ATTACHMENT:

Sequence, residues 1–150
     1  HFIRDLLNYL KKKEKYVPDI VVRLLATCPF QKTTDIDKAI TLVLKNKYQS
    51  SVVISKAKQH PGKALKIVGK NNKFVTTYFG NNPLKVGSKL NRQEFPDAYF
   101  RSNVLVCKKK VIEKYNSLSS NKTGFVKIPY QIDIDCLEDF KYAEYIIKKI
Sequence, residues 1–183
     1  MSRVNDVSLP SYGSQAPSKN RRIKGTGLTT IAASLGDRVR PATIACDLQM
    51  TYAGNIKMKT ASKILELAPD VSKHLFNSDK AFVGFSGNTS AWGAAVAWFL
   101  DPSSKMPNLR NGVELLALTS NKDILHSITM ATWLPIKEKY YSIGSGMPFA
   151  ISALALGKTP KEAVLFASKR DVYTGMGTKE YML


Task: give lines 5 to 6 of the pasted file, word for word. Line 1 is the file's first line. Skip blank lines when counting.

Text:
Sequence, residues 1–183
     1  MSRVNDVSLP SYGSQAPSKN RRIKGTGLTT IAASLGDRVR PATIACDLQM